So if anything Myers Briggs is only really useful as a metaphor for understanding thinking of yourself and others, and even then we have to be careful to avoid the Barnum/Forer effect or other biases.

The Big 5: Nearer First Nature

Certainly it seems justified to me on both an ethical and scientific level only to use the ideas of Jung, Myers and Briggs to identify behaviour/label use of functions to reduce your snap judgments of that person, blame the function not the person so to speak, rather than pigeon hole the person’s entire personality. This is to be done with caution, remembering that they are a useful metaphor, but we are firmly in second nature territory.

In a similar way I’ve thought that many of the experiences reported by religious adherents are useful metaphors, I find the metaphor of losing myself and becoming one with the universe a useful metaphor for how meditation really does feel. The problem lies in trying to say this is not second nature, but truly describes things about the nature of the universe. Bruce Hood’s The Self Illusion presents an very good, highly readable, evidenced based polemic that the self is perhaps the ultimate second nature metaphor. The real problem is in combination of functions, the hierarchy, the represents the person’s default pattern of behaviour, that I’ve yet to see any evidence, or have any argument presented, that this has more reason to believe the personality descriptions than those constructed based on star signs.

In contrast, there’s a more valid test called the Big 5 (or OCEAN) which has stronger theoretical foundations; it gives continua rather than dichotomies and this is accepted as fine, people do not need to be put into boxes, and the categories have been demonstrated to have no confounding overlap. It has stronger evidence-based foundations too; we have neurological pathway candidates for each of five factors and we know their heritability (around 50% for each trait). Its retest reliability of 80% is much better than the Myers Briggs’s 50%. Despite being called the Big 5, researchers who use it admit 5 may be too few, whereas MBTI limited to four by its very foundations. The Big 5 only provides one with a score for place on each continuum, thus avoiding the descriptions of overall personality. Some Big 5 tests come with a list of adjectives; these are based on one’s answers to the test questions in relation to the average answer. Therefore, they only report what you have put in the test. To be fair to MBTI, there is some correlation between its dichotomies and the Big 5 continua; they may in fact be a good proxy, but it’s the type dynamics of MBTI where things really start to go awry.

Putting Metaphor in Its Place

With its empirical strengths the Big 5 is a better approximation of first nature, we can be more confident that it more closely represents reality, but it must be about second nature too. And this is a point I wanted to clarify when I talked about the limits of science in my last post. I said that the study of first nature by science may have little to comment on second nature, placing a limit on second nature; it can only be used metaphorically. Although, based on how well the human brain responds to metaphor this is not a disparagement, it is praise with a caution, metaphors can be so seductive that we get so wrapped up in them we lose sight of the first nature. Second nature is still a metaphor itself, the Big 5 research demonstrates that second nature can be pinned down to first nature. My belief as a materialist is that is always the case in theory, but not always practicable or desirable depending on the subject, hence sometimes we will or should be restricted to discussing purely in terms of second nature. For the most part, however, that limit does encompass a much smaller area of human life and is usually believed. I argue it does not encompass spiritual behaviour, the limit the other way is much stronger; second nature metaphors may just so happen hit upon first nature (in the way Freud by chance happened to be right on some things, but it may not. For most things related to human cognition we can discuss both natures, the problem, like I’ve spoken about with interpretations of spiritual experiences, is when we mistake one nature for the other. This leads to people getting lost in the metaphors of theology, a field almost entirely second nature, becoming detached from any first nature underpinning and losing sight of it’s original use; the first nature effects on the world, especially human minds. We need science to explore these first nature outcomes and tell us which are most effective in improving human well-being.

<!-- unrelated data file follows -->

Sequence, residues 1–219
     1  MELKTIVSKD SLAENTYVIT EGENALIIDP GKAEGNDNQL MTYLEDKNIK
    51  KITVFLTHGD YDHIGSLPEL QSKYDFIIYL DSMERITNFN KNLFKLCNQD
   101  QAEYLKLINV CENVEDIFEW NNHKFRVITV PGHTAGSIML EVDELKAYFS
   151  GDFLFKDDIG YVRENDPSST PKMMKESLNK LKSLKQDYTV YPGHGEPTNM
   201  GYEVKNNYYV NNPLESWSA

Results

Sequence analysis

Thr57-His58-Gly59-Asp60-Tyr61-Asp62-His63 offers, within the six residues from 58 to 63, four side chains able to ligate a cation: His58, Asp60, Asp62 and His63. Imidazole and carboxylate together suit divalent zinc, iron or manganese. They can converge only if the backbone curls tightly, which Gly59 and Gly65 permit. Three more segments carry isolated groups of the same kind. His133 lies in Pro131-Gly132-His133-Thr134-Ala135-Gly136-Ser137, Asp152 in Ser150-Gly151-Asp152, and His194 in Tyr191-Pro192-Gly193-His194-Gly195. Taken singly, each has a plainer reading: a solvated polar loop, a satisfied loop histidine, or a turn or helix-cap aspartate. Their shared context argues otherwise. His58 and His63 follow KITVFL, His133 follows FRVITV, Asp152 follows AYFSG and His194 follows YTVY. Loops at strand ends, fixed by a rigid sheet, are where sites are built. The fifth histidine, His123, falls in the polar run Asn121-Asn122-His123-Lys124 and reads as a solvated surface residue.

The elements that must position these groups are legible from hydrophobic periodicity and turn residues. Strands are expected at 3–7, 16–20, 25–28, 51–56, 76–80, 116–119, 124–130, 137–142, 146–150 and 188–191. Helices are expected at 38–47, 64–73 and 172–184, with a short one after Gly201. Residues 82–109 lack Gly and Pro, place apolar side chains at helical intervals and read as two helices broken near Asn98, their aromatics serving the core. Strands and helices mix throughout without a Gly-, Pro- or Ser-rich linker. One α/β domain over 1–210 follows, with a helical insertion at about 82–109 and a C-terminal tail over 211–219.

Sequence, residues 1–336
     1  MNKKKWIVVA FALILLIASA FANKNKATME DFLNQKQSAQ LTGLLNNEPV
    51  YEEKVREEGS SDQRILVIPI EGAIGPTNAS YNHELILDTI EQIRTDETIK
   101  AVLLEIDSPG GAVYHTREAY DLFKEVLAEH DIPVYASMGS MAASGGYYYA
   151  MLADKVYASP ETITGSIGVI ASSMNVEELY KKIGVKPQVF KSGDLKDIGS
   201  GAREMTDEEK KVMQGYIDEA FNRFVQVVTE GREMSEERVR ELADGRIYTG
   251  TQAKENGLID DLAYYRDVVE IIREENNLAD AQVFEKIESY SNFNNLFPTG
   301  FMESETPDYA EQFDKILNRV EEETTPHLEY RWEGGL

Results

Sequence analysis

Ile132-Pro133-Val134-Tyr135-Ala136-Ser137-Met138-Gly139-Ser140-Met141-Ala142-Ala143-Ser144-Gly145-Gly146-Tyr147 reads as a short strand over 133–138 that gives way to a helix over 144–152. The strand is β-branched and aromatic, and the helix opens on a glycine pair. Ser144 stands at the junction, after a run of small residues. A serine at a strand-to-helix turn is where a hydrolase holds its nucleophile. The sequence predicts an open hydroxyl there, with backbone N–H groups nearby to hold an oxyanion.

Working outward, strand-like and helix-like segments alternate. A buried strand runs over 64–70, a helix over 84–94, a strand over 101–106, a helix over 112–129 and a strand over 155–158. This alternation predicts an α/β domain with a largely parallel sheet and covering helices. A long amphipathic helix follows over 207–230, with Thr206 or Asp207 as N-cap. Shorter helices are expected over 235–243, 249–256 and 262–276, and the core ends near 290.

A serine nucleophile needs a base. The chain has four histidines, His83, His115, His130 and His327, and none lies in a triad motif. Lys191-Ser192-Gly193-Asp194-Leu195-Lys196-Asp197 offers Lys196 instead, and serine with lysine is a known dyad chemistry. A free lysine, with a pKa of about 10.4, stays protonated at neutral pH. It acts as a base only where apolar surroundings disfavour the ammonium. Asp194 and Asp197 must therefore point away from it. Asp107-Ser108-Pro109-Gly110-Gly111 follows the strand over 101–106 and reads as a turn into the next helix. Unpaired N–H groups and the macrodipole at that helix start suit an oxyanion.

Where does this leave my personal view of myself? Well the fact that others describe having similar behaviour to me in metaphor is still enough to feel less pathological and more accepting of myself. It has made me more aware of my strengths and weaknesses, aware of what I can work on and what to forgive myself for. The lack of first nature, objective ‘truth’ of Myers-Briggs does not reduce the psychological benefits. Just as I argue that the lack of first nature, objective ‘truth’ of spiritual belief does not affect the psychological benefits. A problem like depression needs tackling on several fronts, those of first nature, such as medication, and of second nature by reflection and discussion with others, and therapy, which is perhaps a combination of first and second nature, using evidence-based techniques tailored to the individual patient based on discussion of their second nature.

 

– The Spiritual Materialist

 

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4 thoughts on “Second Nature in Practice: A Critique of Myers-Briggs